source:  16. Bucks (25-24, LW 13). Lost three in a row and just 4-6 in last 10. Suddenly we are seeing a lot of Samuel Dalembert on the court, which feels like a trade showcase (and he responded with a 35 point game).

source:  17. Trail Blazers (25-26, LW 16). They have dropped three in a row (including one to the Magic who had lost a dozen in a row before that) and have two more road games before the break — at Miami then a back-to-back at New Orleans. They are only 2.5 games out of the playoffs but they need to start picking up wins. Fast.

source:  18. Lakers (24-28, LW 18). They went 4-3 on their seven game Grammy road trip, which isn’t bad but isn’t great. They need wins. Just to have fun with math, the Rockets and Jazz are on pace for 44 wins, the Lakers need to go 20-10 the rest of the way to get to 44.

source:  19. Mavericks (22-28, LW 20). They are playing better, 9-5 in their last 14, but if they are going to grow beards until they reach .500 they may be tripping over them first.

source:  20. 76ers (22-27, LW 19). And the Andrew Bynum wait continues — they are shopping Evan Turner around (or at least gauging interest in him) but how do you evaluate this team without Bynum in the lineup?

source:  21. Cavaliers (16-35, LW 23). They have been a good offensive team of late, which is mostly due to the fact that Kyrie Irving is awesome, but Tristan Thompson has played much better of late as well.

source:  22. Pistons (20-32, LW 21). No Andre Drummond for four to six weeks just makes me sad.

source:  23. Wizards (14-35, LW 26). Washington beat three playoff teams last week (Clippers, Knicks, Nets), and are 10-7 in about the last month. If they had Wall from the start of the season they are a playoff team, but alas…

source:  24. Raptors (18-32, LW 22). I think their playoff dreams are dead. Part of it is that Boston went on a win streak without Rondo rather than fall back to the pack, but the Raptors keep losing and remain 3 games below .500 and 7 out of the final playoff spot in the East. They are not making up that ground.

source:  25. Hornets (17-33, LW 25). Eric Gordon is just bad about half the time for this team and his body language is that of a guy trapped in a place he hates. Does he just simply not like being in New Orleans that much?

source:  26. Kings (19-33, LW 27). If you don’t think fans make a difference, you should have heard them during the Kings 10-point fourth quarter comeback on the Rockets Sunday. Problem is the other owners don’t care about that, they care about money going into their pockets. That’s where Seattle is not easy to beat.

source:  27. Timberwolves (18-29, LW 24). Three straight losses and Minnesota is now just 4-17 since New Years day. Injuries are a big part of that, this team has seemed cursed by the basketball gods.

source:  28. Suns (17-34, LW 28). The Suns are really active on the trade market, clearly willing to take on some salary for the right quality player. When you look at their roster they need more quality players.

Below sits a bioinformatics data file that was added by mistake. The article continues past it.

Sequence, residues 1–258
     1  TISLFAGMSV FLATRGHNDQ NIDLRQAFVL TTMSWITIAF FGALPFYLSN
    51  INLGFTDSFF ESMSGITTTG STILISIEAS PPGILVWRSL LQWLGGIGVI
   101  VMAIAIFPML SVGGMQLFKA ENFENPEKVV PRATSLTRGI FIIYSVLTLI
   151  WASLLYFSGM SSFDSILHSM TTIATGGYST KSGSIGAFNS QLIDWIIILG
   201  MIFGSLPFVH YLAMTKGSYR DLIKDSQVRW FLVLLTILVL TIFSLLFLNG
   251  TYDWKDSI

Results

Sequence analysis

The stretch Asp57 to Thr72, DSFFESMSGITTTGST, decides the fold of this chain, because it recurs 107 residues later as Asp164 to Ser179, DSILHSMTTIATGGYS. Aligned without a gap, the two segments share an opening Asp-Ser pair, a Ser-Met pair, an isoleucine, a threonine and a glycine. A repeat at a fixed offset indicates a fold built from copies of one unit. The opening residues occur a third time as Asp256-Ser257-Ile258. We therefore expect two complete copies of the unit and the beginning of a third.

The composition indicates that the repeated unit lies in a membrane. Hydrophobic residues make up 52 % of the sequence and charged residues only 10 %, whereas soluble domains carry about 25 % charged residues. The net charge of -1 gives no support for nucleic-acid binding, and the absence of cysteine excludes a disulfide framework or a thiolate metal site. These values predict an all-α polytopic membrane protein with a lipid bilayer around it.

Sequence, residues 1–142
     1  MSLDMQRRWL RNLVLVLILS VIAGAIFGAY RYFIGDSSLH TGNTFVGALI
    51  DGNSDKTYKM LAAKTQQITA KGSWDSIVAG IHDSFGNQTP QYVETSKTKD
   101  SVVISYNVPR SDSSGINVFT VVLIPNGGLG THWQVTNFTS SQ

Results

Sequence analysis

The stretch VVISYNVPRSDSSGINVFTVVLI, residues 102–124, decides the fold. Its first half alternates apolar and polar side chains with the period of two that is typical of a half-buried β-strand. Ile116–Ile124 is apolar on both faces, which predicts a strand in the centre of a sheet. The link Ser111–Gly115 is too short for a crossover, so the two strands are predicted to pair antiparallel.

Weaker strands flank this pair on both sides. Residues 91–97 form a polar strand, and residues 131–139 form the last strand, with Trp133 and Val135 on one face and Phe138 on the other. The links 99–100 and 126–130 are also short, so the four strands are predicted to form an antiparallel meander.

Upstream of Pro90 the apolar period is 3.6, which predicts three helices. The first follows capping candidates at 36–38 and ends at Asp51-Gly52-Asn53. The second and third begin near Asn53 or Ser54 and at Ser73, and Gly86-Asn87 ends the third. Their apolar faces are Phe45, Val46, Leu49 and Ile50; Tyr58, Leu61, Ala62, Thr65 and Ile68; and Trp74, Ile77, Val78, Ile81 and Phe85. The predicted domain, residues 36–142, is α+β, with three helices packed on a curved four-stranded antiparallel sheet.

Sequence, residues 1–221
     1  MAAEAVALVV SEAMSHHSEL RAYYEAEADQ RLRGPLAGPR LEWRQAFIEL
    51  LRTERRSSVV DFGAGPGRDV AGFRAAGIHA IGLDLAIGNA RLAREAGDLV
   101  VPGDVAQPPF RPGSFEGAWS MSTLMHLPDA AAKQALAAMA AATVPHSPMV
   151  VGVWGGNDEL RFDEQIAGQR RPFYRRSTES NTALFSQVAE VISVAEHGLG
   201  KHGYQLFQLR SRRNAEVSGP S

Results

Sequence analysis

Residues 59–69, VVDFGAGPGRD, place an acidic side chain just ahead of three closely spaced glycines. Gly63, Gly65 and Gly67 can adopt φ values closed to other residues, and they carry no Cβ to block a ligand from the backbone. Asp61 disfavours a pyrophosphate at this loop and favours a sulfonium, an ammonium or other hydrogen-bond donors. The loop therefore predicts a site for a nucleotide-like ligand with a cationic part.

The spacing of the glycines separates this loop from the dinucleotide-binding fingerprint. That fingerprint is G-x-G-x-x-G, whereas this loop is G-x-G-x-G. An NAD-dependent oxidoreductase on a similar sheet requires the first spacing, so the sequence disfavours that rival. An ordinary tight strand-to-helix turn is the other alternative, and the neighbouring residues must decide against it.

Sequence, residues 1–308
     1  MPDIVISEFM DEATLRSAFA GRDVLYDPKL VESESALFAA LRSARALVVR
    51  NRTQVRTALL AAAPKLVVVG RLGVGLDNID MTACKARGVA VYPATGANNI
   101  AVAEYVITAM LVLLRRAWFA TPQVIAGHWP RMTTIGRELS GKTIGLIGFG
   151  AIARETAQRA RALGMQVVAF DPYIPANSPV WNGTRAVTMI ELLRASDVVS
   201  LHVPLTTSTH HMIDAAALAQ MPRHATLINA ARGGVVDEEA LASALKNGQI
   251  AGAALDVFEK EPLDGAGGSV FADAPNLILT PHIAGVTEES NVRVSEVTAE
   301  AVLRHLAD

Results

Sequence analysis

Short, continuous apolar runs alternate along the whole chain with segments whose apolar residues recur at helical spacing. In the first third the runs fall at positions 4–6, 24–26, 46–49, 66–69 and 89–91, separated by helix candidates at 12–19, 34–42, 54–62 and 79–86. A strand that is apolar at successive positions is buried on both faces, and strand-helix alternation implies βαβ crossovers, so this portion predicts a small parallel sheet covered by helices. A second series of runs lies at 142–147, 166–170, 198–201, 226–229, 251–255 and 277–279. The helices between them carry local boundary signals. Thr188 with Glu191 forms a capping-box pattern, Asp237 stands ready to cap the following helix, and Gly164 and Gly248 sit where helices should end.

source:  29. Magic (15-36, LW 30). The losing streak has reached 12 before the Trail Blazers obliged with a terrible defensive effort to end it. Wherever J.J. Redick lands after the trade deadline will be a better situation.

source:  30. Bobcats (11-39, LW 29). They have dropped seven in a row and their roster is so bad that sending out Ben Gordon for the slumping Kris Humphries would be an upgrade.

Report: Dwyane Wade’s cousin killed as innocent bystander in gang shooting in Chicago

CHICAGO, IL - JULY 29:  General manager Gar Forman of the Chicago Bulls (L) listens as Dwyane Wade speaks during an introductory press conference at the Advocate Center on July 29, 2016 in Chicago, Illinois.  (Photo by Jonathan Daniel/Getty Images)
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This news is just sickening. In a world with just too much sickening news.

According to NBC 5 in Chicago (which spoke to police), Dwyane Wade‘s first cousin Nykea Aldridge was pushing a stroller down the street when she was shot and killed as an innocent in the crossfire of a gang shooting.

The 32-year-old woman, whom family identified as Nykea Aldridge, was apparently the unintended victim of a gang shooting, police said. She was walking around 3:30 p.m. in the 6300 block of South Calumet when two males approached another male and opened fire, police said.

Wade tweeted this.

Aldridge was on her way to a local school to register her kids (they had just moved) when the shooting took place. There has been a rash of gang and gun violence in Chicago in the past year, and Dwyane’s mother Jolinda Wade had just been on a panel on ESPN’s Undefeated talking about it.

Wade is coming to play for his hometown Chicago Bulls this season.

Our thoughts are with Nykea Aldridge’s family and friends.

Bill Walton blames himself for Clippers leaving San Diego

BOSTON, MA - APRIL 13:  Member of the Boston Celtics 1986 Championship team Bill Walton is honored at halftime of the game between the Boston Celtics and the Miami Heat at TD Garden on April 13, 2016 in Boston, Massachusetts. NOTE TO USER: User expressly acknowledges and agrees that, by downloading and/or using this photograph, user is consenting to the terms and conditions of the Getty Images License Agreement.  (Photo by Mike Lawrie/Getty Images)